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Old November 24, 2012, 01:10 PM   #1
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How much fitting are you willing to do on a new gun?

After spending several hours working on a Mossberg 930 SPX, I got to thinking about how frustrating it was, but the run around of sending it in would also be very frustrating and it might come back not fixed.

How much fitting are you willing to do on a new gun? When do you just ship it back to the manufacturer? When do you say to hell with it and sell it?

I could have just bought a Nordic mag extension like most guys are doing, but I wanted to make it work right with the parts it came with. It functions well now, but I have a mag tube that's been ground on and polished, a follower I had to clean up and now a forend that's all cut up to make it all fit right.

Achieved my goal, but wondering if I should have just spent the money and got the Nordic extension, sent it back to Mossberg or just not bought it at all.
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Old November 24, 2012, 02:10 PM   #2
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Not sure I know what you mean by "fitting". Parts in a good should generally fit together pretty well without doing anything to them.

I might sand down a wood stock to free float a barrel on a bolt action if it isn't already. I changed a trigger return spring in my Marlin 917v to give it a lighter pull.

I will take all of the internals out of a lever action rifle and polish them to remove machining burrs and other non smooth metal on parts of the gun that are metal to metal contact. Makes things much smoother.

I wouldn't keep a firearm that I could not rely on to not jam, misfire, or inexplicably not work at any given point. If something goes wrong I will take it apart, put it back together, and try again. If i couldn't figure out what was wrong I would try to find someone that could.
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Old November 25, 2012, 01:21 AM   #3
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Dealing with the same problem on a 930. I am not messing with it. I am sending it back to them and they better send it back to me working. Any sort of function testing whatsoever would have found this problem at the factory and mine didn't even come with a front sight installed on the rifled barrel.
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Old November 25, 2012, 06:19 AM   #4
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My Ruger American rifle has a free floated barrel . The barrel is free floating right out of the box ( did the dollar bill test ) The problem is , the stock is very cheap and the forend flexes when moderate presure is applied ( resting on a bag or bi-pod ).This causes the barrel to make contact with the stock and really hurts the accuracy by about 1 to 1-1/2 MOA. I ended up sanding the heck out of the barrel channel of the stock to give the barrel more room . It seemed to work and all is good now . I don't think you should have to do any work on a new firearm . The gun only cost $360 and I think it's clear were they saved some money . The gun is a sub MOA shooter so a little sanding is not that big a deal . If the gun cost double that like most nice bolt guns do I would have been PO . I would think A 6 or 7 hundred dollar shotgun should be good to go right out of the box . Lets hope you did not void your warranty by working on it .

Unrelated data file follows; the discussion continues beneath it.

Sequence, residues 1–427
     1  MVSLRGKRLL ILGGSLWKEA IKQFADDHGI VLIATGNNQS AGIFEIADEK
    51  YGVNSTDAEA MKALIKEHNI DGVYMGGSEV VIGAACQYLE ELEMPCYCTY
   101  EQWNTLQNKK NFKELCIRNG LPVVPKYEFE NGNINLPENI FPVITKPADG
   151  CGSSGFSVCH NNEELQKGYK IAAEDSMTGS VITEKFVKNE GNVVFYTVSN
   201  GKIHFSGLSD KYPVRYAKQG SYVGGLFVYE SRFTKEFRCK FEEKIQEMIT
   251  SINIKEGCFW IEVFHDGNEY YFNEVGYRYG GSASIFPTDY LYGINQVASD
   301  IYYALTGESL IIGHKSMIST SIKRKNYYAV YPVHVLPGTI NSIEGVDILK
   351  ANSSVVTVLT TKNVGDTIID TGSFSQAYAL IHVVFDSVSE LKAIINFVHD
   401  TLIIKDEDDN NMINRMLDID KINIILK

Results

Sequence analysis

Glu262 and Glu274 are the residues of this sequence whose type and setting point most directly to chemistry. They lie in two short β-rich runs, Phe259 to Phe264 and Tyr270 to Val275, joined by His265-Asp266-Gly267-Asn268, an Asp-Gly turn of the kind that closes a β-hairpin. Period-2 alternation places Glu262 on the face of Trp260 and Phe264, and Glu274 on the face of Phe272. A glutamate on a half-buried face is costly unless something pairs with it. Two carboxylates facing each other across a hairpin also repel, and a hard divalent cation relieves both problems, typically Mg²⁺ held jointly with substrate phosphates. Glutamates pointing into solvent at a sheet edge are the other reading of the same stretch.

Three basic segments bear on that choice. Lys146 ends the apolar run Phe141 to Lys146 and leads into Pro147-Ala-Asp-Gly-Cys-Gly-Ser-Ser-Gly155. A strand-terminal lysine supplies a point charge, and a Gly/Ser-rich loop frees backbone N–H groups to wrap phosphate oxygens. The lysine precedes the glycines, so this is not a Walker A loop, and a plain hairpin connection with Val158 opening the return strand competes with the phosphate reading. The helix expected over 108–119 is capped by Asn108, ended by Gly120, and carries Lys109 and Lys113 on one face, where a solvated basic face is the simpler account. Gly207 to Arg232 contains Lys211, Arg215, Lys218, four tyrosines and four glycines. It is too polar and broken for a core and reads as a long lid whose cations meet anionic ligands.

I bought an AR that came from the factory with a very minor but potentially catastrophic problem with the FGC . All I needed to fix it was a $2 part and 5 min of my time . I chose to send it back for two reasons 1) I wanted them to know that they sent a firearm out with a real problem and 2) I did not want to void my life time warranty by putting in a after market part .

One gun cost almost 1k the other cost just over $300 . One got sent back the other did not . Its up to you to deside what your willing to tolerate and what the potential hazards could be .
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Old November 25, 2012, 09:41 AM   #5
Aguila Blanca
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Originally Posted by breakingcontact
How much fitting are you willing to do on a new gun?
None. A new gun should work ouit of the box. That's why I bought a new gun. If I wanted a project, I'd buy a box of parts.

When do you just ship it back to the manufacturer?
When I see that it doesn't work, or doesn't fit correctly.

When do you say to hell with it and sell it?
If the manufacturer doesn't make it right the first try. I don't have time to waste on defective products with no product support. If the people who make it can't fix it, why should I bother with it?
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Old November 30, 2012, 01:31 PM   #6
Smilin Jack
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I fit bullets in it.
I fit my finger to the trigger.
I fit holes in the paper.
Or I fit it in a box to go back.
If they can't fix it right the first time then I pitch a fit.
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